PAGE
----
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Irish Wolfhound


The Irish Wolfhound, also at times known as the Cú Faoil, the Wolf Dogge, the Rough Greyhound, the Big Dog of Ireland, the Irish Dog, the Irish Elkhound, the Irish Wolfdog, the Great Hound of Ireland, the Great Irish Greyhound Wolf-dog, the Canis Graius Hibernicus, the Grehound of Ireland and the Greyhound of Ireland, is a commanding, rough-coated, eyebrowed and bearded hound built for running. It is an ancient breed, today best known for being the tallest of all dogs and having one of the sweetest temperaments in the canine world. Irish Wolfhounds tend to mature later than most dogs; a 6-month old Wolfhound puppy can weigh upwards of 100 pounds and yet not be finished teething. Like puppies of other giant breeds, Wolfhound puppies should not be taken on long, arduous walks or runs, as they are predisposed to developing cartilage and joint problems during their stages of rapid growth. Irish Wolfhounds typically are unsuitable as guard dogs, because they are inherently kind and trustful of strangers. Certainly, their sheer size can be intimidating and by itself deter intruders. Their long tail is unusually powerful, and when wagged can wreak havoc on objects in the home, including humans. The Irish Wolfhound was recognized by the American Kennel Club in 1897 as a member of its Hound Group.

History & Health


While there is some debate over the origin of the Irish Wolfhound, most experts believe that the breed's Middle Eastern sighthound ancestors were brought to the British Isles by Phoenician sea-traders approximately 3,000 years ago. Some think they were then crossed with local mastiffs to produce what looked like a giant greyhound; others surmise that the Irish Sheepdog and/or the Scottish Deerhound are in the ancestral mix.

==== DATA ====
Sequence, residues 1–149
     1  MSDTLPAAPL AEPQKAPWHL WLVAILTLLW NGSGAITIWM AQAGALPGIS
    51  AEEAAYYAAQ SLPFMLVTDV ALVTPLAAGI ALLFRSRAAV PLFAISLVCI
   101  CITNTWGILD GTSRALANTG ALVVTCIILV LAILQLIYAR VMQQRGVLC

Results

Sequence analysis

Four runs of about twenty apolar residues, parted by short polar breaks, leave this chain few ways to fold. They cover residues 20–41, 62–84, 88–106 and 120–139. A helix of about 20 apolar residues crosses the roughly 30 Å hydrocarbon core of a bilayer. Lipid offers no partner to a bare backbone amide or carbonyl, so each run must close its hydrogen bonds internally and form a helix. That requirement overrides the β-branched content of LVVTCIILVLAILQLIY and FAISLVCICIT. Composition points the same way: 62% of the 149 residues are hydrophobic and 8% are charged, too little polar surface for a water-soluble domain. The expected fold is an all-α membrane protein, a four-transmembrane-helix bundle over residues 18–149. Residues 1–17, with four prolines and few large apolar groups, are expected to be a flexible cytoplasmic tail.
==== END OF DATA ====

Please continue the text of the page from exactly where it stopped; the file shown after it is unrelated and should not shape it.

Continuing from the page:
Whatever its actual lineage, the Irish Wolfhound was known at least as far back as 391 A.D., when the Roman consul received several of them as gifts from Ireland, causing quite a stir among the Roman people of that time. Over the ensuing centuries, Irish Wolfhounds were cherished for their hunting skills, especially in pursuing marauding wolves and giant Irish elk, working in packs. Indeed, so proficient was the Irish Wolfhound at completing these tasks that by the end of the 18th century, it found itself almost out of work. Most experts accept that the last Irish wolf died in 1770 in the Wicklow Mountains, although some believe that a few wolves remained in County Carlow until 1786, after which they certainly were gone according to all accounts. As the wolf and elk disappeared from the Irish countryside, and as the Irish exported many of their Wolfhounds to other countries, the breed nearly disappeared. The Great Irish Famine also took a toll on the breed's numbers.
In 1862, a Scotsman in the Brittish army, Captain George Augustus Graham, made it his life's work to rescue the Irish Wolfhound from extinction. He gathered all the Wolfhounds he could find and reportedly crossbred them with the Scottish Deerhound, Great Dane, Russian Wolfhound, Pyrenean Mountain Dog and/or Tibetan Mastiff. While breed experts disagree whether Graham restored the breed or created a new one, there is no disagreement over the fact that he revived or founded a magnificent breed. Twenty-three years later, an Irish breed club was formed, and the first breed standard was written under Graham's tutelage. The Kennel Club (England) recognized the Irish Wolfound in 1925.